Triaxial creep behavior of oil shale is being investigated in the laboratory at simulated in-situ conditions. A range of temperature and stress conditions are chosen to represent those within the interchamber pillars of a modified in-situ retorting operation. Oil shale in grades ranging from 10 to 40 gallons per ton is being tested. Tests on low grade samples (<15 GPT) indicate that the nature of triaxial creep, compaction, and dilatation depend upon the initial porosity of the test specimen and the deviatoric stress during creep, and that creep strain rate is very sensitive to temperature.


Creep is a significant aspect of the mechanical behavior of oil shale. This has been confirmed by actual measurements on pillars in experimental underground oil shale mines (Agapito, 1972), and laboratory tests on oil shale samples (Miller et al., 1979; Chu and Chang, 1980). It is, therefore, implied that time-dependent deformational behavior of oil shale will be a governing factor in all oil shale mine designs. In an in-situ, or modified in-situ, retorting operation for recovering oil from oil shale, time dependent deformations are more pronounced due to elevated temperatures. In a modified in-situ retorting operation, part of the oil shale initially is conventionally mined and the retort chambers are prepared by rubblization of shale in place. Creep behavior of oil shale in this case may significantly affect the stability of the interchamber pillars and ground subsidence as well as the functioning of the retorts themselves due to resulting permeability loss. This paper describes the first phase of a complete systematic investigation of the creep behavior of oil shale under temperature and stress conditions expected within an interchamber pillar. The investigation consists of performing a series of triaxial creep tests and constitutive modelling.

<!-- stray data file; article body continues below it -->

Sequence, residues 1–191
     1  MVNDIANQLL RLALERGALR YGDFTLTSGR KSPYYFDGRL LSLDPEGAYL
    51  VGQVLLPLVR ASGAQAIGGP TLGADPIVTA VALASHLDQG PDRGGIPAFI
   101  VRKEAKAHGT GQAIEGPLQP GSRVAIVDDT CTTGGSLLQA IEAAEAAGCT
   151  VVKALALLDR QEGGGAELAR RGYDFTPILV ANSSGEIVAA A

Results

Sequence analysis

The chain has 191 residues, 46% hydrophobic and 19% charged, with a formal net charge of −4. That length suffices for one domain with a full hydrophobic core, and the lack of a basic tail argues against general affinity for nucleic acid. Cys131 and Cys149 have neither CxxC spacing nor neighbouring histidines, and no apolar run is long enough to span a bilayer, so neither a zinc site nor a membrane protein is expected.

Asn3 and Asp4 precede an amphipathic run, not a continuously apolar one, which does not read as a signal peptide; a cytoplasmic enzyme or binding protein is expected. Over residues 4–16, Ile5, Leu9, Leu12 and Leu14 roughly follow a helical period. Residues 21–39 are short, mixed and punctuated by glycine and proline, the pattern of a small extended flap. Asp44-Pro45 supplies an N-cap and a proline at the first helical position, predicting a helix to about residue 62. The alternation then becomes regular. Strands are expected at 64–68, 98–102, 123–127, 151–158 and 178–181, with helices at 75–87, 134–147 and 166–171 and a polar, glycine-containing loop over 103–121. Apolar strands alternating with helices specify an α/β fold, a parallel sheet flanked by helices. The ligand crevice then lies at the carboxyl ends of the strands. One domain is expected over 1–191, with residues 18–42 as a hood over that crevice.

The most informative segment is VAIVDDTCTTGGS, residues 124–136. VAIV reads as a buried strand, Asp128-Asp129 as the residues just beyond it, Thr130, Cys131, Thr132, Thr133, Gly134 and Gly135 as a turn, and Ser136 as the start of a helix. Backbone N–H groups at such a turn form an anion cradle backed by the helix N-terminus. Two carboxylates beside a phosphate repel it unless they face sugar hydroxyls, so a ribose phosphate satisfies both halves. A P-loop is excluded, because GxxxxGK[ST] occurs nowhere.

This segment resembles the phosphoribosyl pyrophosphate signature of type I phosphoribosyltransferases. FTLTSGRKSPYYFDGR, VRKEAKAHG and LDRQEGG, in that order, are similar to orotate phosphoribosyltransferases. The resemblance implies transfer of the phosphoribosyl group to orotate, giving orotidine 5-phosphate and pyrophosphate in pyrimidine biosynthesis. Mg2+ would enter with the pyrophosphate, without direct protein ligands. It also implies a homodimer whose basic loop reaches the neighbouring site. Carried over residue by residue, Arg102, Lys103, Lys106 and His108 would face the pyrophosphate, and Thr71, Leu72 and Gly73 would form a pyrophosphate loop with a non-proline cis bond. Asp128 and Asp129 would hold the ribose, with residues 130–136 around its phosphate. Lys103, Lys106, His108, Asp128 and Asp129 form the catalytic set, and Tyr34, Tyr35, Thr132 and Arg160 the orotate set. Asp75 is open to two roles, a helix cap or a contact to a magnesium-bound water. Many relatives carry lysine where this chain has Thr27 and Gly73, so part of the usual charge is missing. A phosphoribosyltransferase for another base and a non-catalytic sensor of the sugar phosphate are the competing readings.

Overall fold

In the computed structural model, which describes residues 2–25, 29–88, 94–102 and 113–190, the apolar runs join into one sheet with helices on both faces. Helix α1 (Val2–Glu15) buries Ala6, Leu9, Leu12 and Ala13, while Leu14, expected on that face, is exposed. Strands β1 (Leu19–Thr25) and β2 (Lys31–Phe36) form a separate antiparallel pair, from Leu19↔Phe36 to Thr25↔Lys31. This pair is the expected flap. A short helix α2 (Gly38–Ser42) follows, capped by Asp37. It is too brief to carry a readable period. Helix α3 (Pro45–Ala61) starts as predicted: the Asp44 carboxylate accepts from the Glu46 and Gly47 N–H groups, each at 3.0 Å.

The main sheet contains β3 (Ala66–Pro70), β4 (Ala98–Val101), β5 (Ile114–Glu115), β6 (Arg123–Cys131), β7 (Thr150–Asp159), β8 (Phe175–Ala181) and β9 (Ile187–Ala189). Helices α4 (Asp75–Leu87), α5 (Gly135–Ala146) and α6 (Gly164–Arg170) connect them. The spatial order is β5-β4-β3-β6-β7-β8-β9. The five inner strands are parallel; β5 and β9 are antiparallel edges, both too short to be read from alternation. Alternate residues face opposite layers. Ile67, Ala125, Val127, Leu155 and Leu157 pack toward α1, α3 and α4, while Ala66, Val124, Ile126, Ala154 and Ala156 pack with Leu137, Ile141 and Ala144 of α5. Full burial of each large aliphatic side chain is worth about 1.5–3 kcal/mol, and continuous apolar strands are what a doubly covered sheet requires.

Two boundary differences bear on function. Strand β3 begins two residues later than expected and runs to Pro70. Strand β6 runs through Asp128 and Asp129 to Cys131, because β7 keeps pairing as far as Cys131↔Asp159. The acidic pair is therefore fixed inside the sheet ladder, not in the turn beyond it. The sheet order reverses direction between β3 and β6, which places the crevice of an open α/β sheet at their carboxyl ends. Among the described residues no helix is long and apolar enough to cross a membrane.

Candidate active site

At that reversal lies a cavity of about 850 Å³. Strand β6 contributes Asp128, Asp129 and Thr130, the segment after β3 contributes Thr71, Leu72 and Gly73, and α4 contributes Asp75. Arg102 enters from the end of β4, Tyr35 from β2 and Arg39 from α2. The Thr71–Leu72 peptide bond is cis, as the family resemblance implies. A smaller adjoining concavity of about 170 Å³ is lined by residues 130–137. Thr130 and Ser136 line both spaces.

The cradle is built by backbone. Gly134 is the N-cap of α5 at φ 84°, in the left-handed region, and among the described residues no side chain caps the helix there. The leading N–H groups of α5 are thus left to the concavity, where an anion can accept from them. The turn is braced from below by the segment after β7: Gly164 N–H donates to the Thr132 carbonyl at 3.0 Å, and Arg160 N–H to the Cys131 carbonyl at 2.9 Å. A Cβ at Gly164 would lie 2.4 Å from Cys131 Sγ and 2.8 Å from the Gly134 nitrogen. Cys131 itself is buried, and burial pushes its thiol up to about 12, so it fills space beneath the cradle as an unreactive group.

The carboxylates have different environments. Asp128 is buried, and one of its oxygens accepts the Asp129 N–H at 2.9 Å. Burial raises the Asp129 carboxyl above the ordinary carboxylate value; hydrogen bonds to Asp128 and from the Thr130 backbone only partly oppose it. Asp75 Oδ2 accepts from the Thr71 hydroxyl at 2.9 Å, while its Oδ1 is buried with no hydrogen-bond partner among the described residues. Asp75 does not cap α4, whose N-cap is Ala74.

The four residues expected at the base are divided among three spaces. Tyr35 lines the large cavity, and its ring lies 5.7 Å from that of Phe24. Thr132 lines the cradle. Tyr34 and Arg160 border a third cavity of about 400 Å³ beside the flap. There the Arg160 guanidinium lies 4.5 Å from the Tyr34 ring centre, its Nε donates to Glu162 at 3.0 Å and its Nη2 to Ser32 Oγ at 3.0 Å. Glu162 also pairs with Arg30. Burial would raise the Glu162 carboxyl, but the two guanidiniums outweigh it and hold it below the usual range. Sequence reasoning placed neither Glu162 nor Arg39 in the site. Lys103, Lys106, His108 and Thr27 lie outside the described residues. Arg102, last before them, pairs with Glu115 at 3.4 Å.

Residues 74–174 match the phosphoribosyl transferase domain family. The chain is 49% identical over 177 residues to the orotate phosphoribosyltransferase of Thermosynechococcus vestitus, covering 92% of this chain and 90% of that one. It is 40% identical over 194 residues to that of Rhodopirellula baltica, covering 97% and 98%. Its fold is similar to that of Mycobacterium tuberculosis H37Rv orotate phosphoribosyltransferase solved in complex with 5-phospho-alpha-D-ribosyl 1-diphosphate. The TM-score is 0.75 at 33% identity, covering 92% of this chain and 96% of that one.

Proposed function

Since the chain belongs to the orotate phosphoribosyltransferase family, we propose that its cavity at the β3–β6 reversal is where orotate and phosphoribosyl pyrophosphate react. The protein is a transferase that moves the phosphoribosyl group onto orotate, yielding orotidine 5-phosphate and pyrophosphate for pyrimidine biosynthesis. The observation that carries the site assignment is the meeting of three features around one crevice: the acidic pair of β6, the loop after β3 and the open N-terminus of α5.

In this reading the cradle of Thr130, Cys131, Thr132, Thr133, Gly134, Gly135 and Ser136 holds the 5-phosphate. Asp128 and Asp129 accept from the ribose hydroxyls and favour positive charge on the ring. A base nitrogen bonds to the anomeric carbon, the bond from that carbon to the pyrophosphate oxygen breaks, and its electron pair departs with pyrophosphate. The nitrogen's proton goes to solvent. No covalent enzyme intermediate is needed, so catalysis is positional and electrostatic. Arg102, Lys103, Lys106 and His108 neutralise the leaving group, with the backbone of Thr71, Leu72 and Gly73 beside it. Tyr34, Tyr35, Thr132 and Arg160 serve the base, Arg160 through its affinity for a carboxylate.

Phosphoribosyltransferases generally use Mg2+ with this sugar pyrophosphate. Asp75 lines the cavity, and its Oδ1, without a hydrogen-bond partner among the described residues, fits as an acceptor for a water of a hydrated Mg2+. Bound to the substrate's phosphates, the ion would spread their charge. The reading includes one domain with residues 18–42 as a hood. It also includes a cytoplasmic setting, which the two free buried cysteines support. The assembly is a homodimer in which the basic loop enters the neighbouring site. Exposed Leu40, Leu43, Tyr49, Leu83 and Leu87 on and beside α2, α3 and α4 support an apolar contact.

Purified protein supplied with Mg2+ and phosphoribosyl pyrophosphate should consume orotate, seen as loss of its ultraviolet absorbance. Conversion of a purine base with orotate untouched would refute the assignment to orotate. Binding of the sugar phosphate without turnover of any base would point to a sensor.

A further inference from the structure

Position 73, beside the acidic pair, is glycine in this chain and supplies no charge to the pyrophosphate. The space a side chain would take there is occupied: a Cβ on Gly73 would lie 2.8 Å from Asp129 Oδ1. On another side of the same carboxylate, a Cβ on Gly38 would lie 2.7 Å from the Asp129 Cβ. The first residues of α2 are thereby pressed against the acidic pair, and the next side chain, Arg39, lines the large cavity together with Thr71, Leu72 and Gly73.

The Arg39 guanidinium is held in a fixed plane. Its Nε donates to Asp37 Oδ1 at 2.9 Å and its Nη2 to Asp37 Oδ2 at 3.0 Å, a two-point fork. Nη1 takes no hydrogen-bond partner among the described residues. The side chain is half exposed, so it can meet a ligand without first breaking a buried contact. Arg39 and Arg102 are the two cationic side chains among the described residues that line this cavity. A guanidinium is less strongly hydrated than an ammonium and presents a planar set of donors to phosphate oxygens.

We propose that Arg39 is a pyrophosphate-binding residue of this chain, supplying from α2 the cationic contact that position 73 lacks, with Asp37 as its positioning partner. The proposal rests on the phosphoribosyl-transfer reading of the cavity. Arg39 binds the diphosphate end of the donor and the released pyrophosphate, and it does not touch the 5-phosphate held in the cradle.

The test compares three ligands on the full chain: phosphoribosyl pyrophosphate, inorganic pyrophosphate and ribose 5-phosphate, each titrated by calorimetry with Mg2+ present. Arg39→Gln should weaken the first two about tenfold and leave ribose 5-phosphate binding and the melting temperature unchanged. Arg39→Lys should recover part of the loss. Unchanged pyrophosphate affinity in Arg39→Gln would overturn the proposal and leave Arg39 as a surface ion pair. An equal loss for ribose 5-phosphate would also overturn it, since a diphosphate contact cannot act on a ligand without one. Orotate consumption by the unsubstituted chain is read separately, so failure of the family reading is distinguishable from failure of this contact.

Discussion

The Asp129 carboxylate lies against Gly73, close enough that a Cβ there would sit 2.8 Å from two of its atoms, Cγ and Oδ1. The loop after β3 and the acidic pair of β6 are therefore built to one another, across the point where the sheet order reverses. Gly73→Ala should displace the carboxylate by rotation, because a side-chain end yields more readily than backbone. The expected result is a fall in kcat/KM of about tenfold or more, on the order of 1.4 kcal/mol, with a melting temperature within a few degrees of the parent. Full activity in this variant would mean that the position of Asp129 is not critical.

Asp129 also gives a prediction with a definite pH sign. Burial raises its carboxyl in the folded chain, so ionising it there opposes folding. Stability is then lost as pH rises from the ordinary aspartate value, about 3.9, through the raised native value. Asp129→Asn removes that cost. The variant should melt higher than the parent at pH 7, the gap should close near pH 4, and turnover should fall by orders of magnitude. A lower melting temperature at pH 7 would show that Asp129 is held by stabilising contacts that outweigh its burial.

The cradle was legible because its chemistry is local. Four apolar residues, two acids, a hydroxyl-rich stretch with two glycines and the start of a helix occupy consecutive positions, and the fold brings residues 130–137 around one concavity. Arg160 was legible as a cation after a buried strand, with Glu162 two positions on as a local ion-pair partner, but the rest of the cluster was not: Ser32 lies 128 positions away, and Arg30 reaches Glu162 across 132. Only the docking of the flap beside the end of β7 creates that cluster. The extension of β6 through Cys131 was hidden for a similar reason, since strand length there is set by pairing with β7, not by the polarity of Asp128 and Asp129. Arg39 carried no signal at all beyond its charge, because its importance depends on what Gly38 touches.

Interest in the mechanical properties and behavior of oil shale is quite recent. Sellars, et al. (1972) and Zambas, et al. (1972) seem to be the first to report a limited systematic investigation of time-dependent mechanical behavior in oil shale. They have given the results of long term uniaxial compression tests on oil shale samples from the Anvil Points, Colorado, site. Tests were conducted at a controlled temperature of 50°F with samples held under constant uniaxial load until fa4lure occurred or no deformation was measured during a period of five days. Maximum duration of tests was 1,000 hours. The main findings of these tests were that practically no creep occurred below a critical nominal stress of 2000 psi; very low initial creep strain rates occurred and rapidly reduced to zero (in only a few days) at stress levels between 2000 and 6000 psi (A logarithmic creep strain vs. time behavior was observed during this period.); creep rupture occurred in samples with oil content above 30 gallons per ton (GPT) at stress levels of 8000 psi (corresponding to approximately 80% of compressive strength).

Agapito and Page (1975) have described the long term vertical deformation behavior of actual oil shale pillars in the Colony Oil Shale Mine.

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